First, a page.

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Energy Saving to Top Gov't Agenda

The government has given energy conservation top priority in its long-term energy policy, as the country has been feeling the pinch of energy supply shortages since last year.

The new philosophy represents a distinct shift from a previous focus solely on energy exploitation.

The transformation, however, will be a decade-long and challenging campaign which requires an overhaul of the whole economic structure, huge investment in upgrading oil refineries and power plants, and cultivation of energy-saving habits, experts said.

Last week, the State Council approved a draft of China's energy development program for 2004-2020. It is China's first long-term energy policy in almost half of a century.

Remarkably, the program lists energy conservation as its first concern, along with other principles such as optimization of the energy consumption mix, promotion of environmental protection, and protection of energy security.

"The mode of economic growth should be transformed. Efforts should be made to foster an energy conservation-minded economy and society," Xinhua News Agency quoted the State Council as saying.

Experts said the idea of energy conservation, which was initiated long ago, used to be more symbolic than a serious consideration of the matter.

"Now, the government has reached consensus following the current energy shortfall," said Hu Jie, an engineer with a research institution of the China National Petroleum Corp. "It will not be sustainable to rely on heavy energy consumption to drive the economy."

China at present is suffering from the most serious energy crunch since the late 1980s.

Two-thirds of the nation's area has been afflicted with brownouts and regular blackouts since last year. Supply failure is attributed to insufficient construction of new plants in past years, and rampant consumption rises in energy-intensive industries such as steel, aluminium, cement and chemicals.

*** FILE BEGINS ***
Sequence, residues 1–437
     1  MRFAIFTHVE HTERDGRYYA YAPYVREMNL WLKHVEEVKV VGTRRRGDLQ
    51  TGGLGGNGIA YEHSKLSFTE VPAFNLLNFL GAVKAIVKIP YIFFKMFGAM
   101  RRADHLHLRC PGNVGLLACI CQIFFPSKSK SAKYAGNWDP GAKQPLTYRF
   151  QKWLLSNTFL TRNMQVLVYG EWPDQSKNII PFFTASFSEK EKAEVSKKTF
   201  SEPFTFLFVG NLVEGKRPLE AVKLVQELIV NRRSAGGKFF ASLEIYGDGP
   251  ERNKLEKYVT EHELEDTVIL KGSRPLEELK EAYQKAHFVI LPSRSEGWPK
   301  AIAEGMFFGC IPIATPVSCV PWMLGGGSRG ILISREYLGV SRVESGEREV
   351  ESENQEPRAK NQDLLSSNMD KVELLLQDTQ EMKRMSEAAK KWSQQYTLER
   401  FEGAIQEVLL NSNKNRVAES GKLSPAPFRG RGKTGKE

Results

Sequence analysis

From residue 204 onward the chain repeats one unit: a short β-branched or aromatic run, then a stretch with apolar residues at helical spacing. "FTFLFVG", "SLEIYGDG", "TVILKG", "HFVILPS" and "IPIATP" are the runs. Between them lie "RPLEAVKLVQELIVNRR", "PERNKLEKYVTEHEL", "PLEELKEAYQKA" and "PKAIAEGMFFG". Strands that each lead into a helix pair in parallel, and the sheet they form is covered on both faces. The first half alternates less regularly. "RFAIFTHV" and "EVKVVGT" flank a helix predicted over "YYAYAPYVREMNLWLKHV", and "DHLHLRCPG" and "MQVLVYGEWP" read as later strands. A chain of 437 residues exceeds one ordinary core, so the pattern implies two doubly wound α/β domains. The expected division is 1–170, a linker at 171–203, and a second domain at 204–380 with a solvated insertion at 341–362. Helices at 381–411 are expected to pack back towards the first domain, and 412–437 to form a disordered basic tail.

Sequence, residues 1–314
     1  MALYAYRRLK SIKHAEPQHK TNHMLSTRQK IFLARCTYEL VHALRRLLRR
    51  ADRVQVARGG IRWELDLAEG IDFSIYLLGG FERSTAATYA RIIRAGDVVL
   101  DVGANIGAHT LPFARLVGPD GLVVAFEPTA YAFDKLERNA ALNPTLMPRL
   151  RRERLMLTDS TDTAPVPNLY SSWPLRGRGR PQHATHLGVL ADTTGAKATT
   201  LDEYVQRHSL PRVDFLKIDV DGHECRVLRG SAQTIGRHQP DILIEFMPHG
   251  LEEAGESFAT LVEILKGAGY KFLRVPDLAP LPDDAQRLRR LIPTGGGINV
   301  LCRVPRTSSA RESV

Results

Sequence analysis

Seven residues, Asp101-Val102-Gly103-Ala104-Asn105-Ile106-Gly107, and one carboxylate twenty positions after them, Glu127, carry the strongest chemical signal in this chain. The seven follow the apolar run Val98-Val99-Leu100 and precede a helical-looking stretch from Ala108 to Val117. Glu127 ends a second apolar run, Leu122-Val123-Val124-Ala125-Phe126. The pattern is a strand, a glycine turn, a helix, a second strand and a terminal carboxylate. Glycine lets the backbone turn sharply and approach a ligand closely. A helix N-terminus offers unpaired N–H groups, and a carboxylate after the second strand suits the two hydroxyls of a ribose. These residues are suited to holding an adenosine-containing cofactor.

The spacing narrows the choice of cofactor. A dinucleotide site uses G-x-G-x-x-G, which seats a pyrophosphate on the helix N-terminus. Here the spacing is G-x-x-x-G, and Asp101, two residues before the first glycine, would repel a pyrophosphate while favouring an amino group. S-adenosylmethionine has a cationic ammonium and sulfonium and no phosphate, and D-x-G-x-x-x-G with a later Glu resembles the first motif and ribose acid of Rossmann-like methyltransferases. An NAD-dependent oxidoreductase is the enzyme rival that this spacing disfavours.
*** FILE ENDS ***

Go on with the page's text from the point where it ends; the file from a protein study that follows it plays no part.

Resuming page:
The electricity shortfall has triggered a chain reaction in the supply of coal and oil: the coal stockpile dropped to a two-decade low in April, while crude oil imports rose by a record 59 per cent year-on-year in May.

Government officials started to worry that the energy shortage and increasing imports would become a bottleneck hindering economic growth and a threat to the environment and to national security.

Experts said China has great potential to improve the efficiency of energy consumption to alleviate the impact of the energy supply shortfall.

According to a report by the State Council's Development and Research Centre, China spends 13 percent of its GDP on energy consumption, almost double the level in the United States.

As an important move for energy conservation, Ni Weidou, a thermal engineering professor with the Chinese Academy of Engineering, said China should optimize the economic structure, relying less on energy-intensive industries such as steel and aluminium.

"There should be a balance between industrialization and energy consumption," said Ni.

Meanwhile, new investment should be poured to improve the consumption efficiency in power generation, transportation and housing.

The coal consumption per kilowatthour in Chinese power plants is 22 percent more than that in the Untied States, according to Ni.

In the booming housing sector, for instance, only 2.5-5 percent of new housing meets energy conservation standards.

The Development Research Center's report said China could decrease its energy consumption from 3.2 billion tons of coal equivalent to 2.4 billion tons in 2020, should effective energy-saving approaches be taken.

The challenge, however, is that there is a lack of economic incentives and legal systems to make energy conservation efforts rewarding, experts said.

For example, the cost saved by increasing the coal consumption efficiency may not justify a huge investment in energy-saving facilities, said Ni.

And education in energy-conservation consciousness is ever difficult.

"It is not an overnight strike, but long-term hard work," said Hu.

(China Daily July 5, 2004)

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